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Tuesday, April 2, 2013

The Human Spirit ...

There is an amazing human spirit in all of us and sports often brings it out. We relate. We enjoy. We laugh. We think. We cry.

Sometimes, we agonize and sometimes we sympathize and we do it with the winners and with the losers.

Sometimes we jump on the bandwagon of the winners, front-runners are we? But other times we root against the favorites and knowingly side with the underdogs. And that is where the human spirit just loves to be.

Except this year.

Louisville's Kevin Ware jumped out to defend the perimeter and he jumped high. But his landing was not smooth and it caused the bone of his right leg to break in a terrible way, a way that is not often seen on national tv, unless you are watching a Spielberg war movie.

Ware suffered a compound fracture of his right tibia and was removed from the gym in Indianapolis by highly trained medical and EMS staff, rolled out on a stretcher, the way no athlete wants to leave a game - any game.

On his way, he asked the technicians to stop so he could speak to his teammates with a message any one of us would provide to our friends and loves ones, digging deep within ourselves to let our friends know "everything will be alright," and "don't worry about me, I'm okay."

But, that's only half the story of what was buzzing inside the injured Kevin Ware's mind as he suffered an unimaginably horrific injury live and in color in front of the cameras of CBS Sports which recorded the injury in super-slo motion, and thankfully, chose not to air the gruesome footage.

The rest of the story is about that human spirit within an athlete, the human spirit within Ware as he gathered himself from the floor to the stretcher, heading towards an awaiting ambulance that usually goes home without as much as a single passenger in tow. Somehow, within the pain, the hysteria and realization of what a terrible injury he had just suffered, somehow in the full state of shock the human body automatically goes into when it experiences the jolt of pain and trauma suffered, young Ware processed thoughts that only true competitors process.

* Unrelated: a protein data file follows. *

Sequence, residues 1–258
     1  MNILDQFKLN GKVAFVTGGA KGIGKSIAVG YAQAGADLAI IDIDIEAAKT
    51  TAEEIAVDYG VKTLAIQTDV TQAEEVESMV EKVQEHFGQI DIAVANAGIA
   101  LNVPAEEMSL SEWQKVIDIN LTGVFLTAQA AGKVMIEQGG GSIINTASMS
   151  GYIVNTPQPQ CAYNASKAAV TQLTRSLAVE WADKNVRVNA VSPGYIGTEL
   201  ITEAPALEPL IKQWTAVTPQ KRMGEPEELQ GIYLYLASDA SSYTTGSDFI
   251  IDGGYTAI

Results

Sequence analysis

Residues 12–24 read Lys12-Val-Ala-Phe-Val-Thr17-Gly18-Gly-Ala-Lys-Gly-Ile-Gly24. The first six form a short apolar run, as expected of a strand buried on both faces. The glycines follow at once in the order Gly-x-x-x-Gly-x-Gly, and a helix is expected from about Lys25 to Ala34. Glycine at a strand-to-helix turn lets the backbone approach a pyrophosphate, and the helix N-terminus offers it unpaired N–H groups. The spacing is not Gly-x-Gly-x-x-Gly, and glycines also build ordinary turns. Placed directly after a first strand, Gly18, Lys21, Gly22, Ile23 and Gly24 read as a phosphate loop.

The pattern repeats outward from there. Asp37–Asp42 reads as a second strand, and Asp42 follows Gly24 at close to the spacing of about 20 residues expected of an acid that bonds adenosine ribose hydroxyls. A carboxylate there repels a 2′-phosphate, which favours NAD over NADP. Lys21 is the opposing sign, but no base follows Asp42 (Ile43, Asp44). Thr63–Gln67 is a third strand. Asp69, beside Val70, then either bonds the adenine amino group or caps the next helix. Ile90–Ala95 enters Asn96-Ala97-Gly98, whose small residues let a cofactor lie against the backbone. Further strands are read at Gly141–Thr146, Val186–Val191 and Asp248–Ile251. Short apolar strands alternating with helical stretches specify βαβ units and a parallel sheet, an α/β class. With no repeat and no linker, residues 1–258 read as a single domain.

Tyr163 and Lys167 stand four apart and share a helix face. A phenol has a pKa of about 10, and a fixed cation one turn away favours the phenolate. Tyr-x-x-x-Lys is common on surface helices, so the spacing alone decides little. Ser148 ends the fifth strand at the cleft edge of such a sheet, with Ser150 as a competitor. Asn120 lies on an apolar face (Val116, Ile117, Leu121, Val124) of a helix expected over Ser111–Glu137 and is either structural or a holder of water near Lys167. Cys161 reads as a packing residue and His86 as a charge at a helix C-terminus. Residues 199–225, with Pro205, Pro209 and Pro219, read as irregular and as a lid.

He reassured his teammates that he'd be okay, but he asked for just one thing.

He wanted a "W."

As Ware suffered the injury, the NCAA tournament outcome might've shifted on its axis. The "Cinderella Story" of FGCU was swept away to the beaches of Ft. Meyers while the Wichita St. Shockers, a worthy underdog Final 4 participant for sure, just haven't captured the imagination of the average basketball fan. So, that's leaves us with the favorite ... the Rick Pitino-led Louisville Cards, somehow now are America's darlings, all because of that human spirit inside a young guard named Kevin Ware who has brought out the human spirit inside all of us.


Jeff Goodman does a GREAT job, covering college basketball for CBS Sports and he does it all season long. A lot of people tune-in to the NCAAs in March and might come across Jeff's writing only at this time of year.  I suggest one thing.  Read him all year long. Goodman and ESPN's Andy Katz are the unquestionable leaders amongst college basketball reporters. Yahoo Sports' Dan Wetzel fires off some pretty serious columns now and then, but its Goodman and Katz who carry the load online all season long.

Here's Goodman's take on the Kevin Ware injury, writing from Indianapolis on the day of the game:


By Jeff Goodman, CBS Sports

INDIANAPOLIS -- Chane Behanan was on his back, lying on the floor still in a state of shock picturing the vision he had just witnessed. Peyton Siva was on one knee, literally praying for his teammate. Duke guard Tyler Thornton sprinted down court with his hands on his head. Rick Pitino and Russ Smith were both wiping tears from their eyes, and one assistant sprinted away from the scene, yelling "Oh, my God" over and over. Kevin Ware was lying on the ground, just a few feet in front of the Louisville bench, with a bone protruding from his right leg.

That's when Ware asked Pitino if he could speak to his teammates.

Pitino had no choice. Of course he obliged.

"Just win the game. I'll be OK," Ware repeated over and over.